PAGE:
Unison to ballot NHS Wales members on pay

Hospital ward Union members will be balloted over possible strike action

Related Stories

Thousands of Unison members who work for NHS Wales are to be balloted for industrial action, including strikes.

The vote in October is in response to the £160 one-off payment in lieu of a rise, it said.

Unison is the first union in Wales to take action following last month's pay offer.

The Welsh government said it was trying to be as fair as possible against a backdrop of drastic budget cuts.

Unison represents 35,000 workers in Wales from the lowest paid laundry workers to chief executives.

Dawn Bowden, Unison's head of health, said: "We understand the very difficult financial situation that Welsh government finds itself in as a result of UK funding cuts, however, we do not believe it is right that our members have to pay the price for this.

"While Unison has welcomed the minister's announcement on the introduction of the Living Wage into NHS Wales, we do no not accept that a £160 non-consolidated one-off payment is the best that could be done for the rest of our members."

'Extreme disappointment'

The independent pay review board has recommended a one per cent pay rise.

But Welsh ministers announced the rise would only go to consultants at the top of their pay grades, who do not automatically receive an increase for progressing in their jobs.

Health Minister Mark Drakeford said the offer was fair during a financial squeeze.

He said the salaries of the lowest paid NHS staff would be increased to the level of the living wage, at least £7.65 an hour from September.

Unison also expressed "extreme disappointment" at the award of £1,200 to the highest paid consultants in Wales.

Regional secretary Margaret Thomas said: "The difference in the award to Unison members and what is to be paid to some of the highest paid medical staff has made our members feel like second-class citizens in the Welsh NHS."

A Welsh government spokesperson said: "We are proud the Welsh NHS is now a living wage employer and through our pay settlement we have tried to be as fair as possible against a backdrop of our budget being drastically cut by the UK Government.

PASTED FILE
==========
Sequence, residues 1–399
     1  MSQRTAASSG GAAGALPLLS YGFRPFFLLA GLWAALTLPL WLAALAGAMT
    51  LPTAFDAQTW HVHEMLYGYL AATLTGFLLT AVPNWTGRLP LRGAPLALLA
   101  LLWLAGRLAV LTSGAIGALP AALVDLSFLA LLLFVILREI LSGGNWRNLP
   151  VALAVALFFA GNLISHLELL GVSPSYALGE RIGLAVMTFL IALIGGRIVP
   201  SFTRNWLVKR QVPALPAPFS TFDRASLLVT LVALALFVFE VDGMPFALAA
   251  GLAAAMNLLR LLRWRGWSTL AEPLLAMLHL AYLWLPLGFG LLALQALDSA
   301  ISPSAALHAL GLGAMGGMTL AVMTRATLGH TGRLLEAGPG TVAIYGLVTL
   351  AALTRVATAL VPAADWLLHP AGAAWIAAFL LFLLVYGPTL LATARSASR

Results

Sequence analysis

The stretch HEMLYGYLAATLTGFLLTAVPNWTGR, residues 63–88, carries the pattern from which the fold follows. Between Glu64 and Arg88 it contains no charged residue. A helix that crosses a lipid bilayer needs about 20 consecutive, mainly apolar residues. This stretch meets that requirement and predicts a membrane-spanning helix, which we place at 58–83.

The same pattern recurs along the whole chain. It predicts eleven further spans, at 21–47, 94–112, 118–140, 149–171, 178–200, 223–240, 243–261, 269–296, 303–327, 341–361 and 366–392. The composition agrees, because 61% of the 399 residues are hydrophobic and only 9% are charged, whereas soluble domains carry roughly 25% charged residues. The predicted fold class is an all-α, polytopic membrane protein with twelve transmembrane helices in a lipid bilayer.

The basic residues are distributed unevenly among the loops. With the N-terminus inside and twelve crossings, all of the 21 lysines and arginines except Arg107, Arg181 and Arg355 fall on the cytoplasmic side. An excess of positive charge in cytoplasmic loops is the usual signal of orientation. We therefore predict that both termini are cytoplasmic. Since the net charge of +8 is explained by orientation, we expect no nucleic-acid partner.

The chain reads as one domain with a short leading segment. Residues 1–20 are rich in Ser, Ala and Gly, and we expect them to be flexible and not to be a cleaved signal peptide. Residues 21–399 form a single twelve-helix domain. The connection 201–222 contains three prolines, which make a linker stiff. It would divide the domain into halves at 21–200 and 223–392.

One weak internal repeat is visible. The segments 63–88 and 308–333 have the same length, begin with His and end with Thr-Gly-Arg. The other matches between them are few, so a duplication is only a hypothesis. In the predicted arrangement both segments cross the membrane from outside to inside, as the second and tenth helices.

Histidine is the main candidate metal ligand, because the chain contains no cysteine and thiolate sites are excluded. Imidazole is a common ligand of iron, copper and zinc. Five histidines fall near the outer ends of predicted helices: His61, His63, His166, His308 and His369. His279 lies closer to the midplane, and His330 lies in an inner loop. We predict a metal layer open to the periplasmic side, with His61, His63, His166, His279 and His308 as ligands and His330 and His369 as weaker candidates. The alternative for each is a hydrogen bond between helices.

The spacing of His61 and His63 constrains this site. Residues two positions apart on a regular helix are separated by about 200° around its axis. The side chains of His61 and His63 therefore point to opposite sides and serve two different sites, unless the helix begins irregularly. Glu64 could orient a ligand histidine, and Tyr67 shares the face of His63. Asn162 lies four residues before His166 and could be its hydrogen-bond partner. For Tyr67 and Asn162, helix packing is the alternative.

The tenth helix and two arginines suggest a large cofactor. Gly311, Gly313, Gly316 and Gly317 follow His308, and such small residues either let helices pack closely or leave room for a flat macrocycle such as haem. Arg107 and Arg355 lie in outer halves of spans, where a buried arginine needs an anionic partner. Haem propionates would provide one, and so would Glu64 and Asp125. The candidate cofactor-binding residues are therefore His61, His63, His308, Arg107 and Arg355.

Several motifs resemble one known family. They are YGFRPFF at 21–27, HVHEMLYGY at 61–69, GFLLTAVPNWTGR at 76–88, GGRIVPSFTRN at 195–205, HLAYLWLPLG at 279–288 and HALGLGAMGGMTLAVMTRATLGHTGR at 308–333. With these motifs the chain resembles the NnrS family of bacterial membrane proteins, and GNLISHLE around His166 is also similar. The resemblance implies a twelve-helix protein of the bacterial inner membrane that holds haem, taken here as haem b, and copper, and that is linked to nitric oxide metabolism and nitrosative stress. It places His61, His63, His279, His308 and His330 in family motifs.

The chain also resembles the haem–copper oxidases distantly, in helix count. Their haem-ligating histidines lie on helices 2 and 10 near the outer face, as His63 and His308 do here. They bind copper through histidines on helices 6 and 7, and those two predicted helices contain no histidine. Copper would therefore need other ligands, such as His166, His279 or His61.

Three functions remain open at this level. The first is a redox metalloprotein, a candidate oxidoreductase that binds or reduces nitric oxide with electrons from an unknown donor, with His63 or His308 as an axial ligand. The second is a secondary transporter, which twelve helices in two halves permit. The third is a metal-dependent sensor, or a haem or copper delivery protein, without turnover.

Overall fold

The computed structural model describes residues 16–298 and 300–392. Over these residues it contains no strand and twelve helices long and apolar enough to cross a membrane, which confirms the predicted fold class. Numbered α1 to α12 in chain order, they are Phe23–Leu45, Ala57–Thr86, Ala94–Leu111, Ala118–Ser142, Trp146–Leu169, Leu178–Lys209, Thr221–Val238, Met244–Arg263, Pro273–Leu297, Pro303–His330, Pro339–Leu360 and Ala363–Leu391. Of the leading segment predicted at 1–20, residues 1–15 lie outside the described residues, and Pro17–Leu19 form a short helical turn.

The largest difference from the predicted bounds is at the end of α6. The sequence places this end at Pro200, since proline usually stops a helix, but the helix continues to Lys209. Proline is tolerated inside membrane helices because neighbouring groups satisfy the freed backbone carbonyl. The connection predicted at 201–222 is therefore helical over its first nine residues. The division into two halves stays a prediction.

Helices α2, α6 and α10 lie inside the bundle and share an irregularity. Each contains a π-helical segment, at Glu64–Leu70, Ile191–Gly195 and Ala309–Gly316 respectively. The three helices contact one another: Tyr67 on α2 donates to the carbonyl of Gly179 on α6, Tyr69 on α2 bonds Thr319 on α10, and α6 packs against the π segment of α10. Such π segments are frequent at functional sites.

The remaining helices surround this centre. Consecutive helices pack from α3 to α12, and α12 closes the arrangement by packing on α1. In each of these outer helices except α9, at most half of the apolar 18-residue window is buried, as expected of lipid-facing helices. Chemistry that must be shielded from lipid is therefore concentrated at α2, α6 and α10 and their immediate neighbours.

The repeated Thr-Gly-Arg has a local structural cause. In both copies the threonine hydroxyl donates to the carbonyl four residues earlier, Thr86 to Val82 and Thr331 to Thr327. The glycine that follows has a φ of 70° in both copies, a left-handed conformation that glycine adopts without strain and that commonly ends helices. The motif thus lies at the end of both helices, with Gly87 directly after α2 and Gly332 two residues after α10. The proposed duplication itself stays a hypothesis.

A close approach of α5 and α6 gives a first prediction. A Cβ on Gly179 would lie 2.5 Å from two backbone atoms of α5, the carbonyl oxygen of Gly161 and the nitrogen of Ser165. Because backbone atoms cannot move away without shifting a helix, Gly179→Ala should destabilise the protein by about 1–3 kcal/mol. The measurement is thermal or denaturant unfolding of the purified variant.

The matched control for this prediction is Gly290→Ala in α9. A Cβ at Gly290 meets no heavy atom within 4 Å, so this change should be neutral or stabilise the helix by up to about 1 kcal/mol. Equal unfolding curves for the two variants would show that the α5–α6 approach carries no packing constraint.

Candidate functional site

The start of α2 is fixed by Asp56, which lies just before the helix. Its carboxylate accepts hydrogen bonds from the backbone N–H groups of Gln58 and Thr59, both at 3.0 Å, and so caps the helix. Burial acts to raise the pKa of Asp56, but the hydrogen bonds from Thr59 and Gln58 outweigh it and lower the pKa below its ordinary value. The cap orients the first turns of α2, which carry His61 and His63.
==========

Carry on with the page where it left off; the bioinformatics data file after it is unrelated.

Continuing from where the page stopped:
"The reality is that by 2015-16 the Welsh government's budget will be nearly £1.7bn less than it was in 2010-11.

"Our priority is to maintain jobs. With pay accounting for more than 60% of the NHS budget, we have no choice but to consider some form of pay restraint to maintain jobs and services."

More on This Story

Related Stories

From other news sites

The BBC is not responsible for the content of external Internet sites

More Wales stories

RSS

Features & Analysis

  • Baby in boxStrange case

    The remarkable appeal of the Finnish baby boxes


  • WW1 gas mask being demonstratedTrench terror

    Did the soldiers of WW1 have an irrational fear of poison gas?


  • Mitt Romney, speaks at the podium as he concedes the presidency during Mitt Romney's campaign election night event at the Boston Convention 7 November 2012Aura of a loser?

    Mitt Romney looked presidential but could never pull it off


  • A woman holds up a feminist sign.PC virus

    Is liberal speech policing out of control?


Elsewhere on the BBC

  • ReadingBest books

    BBC Culture takes a look at ten books you should read in February

Programmes

  • A car being driven by Cruise Automation technologyClick Watch

    The tech which could allow any car with an automatic gearbox to become self-driving

Copyright © 2015 BBC. The BBC is not responsible for the content of external sites. Read more.

This page is best viewed in an up-to-date web browser with style sheets (CSS) enabled. While you will be able to view the content of this page in your current browser, you will not be able to get the full visual experience. Please consider upgrading your browser software or enabling style sheets (CSS) if you are able to do so.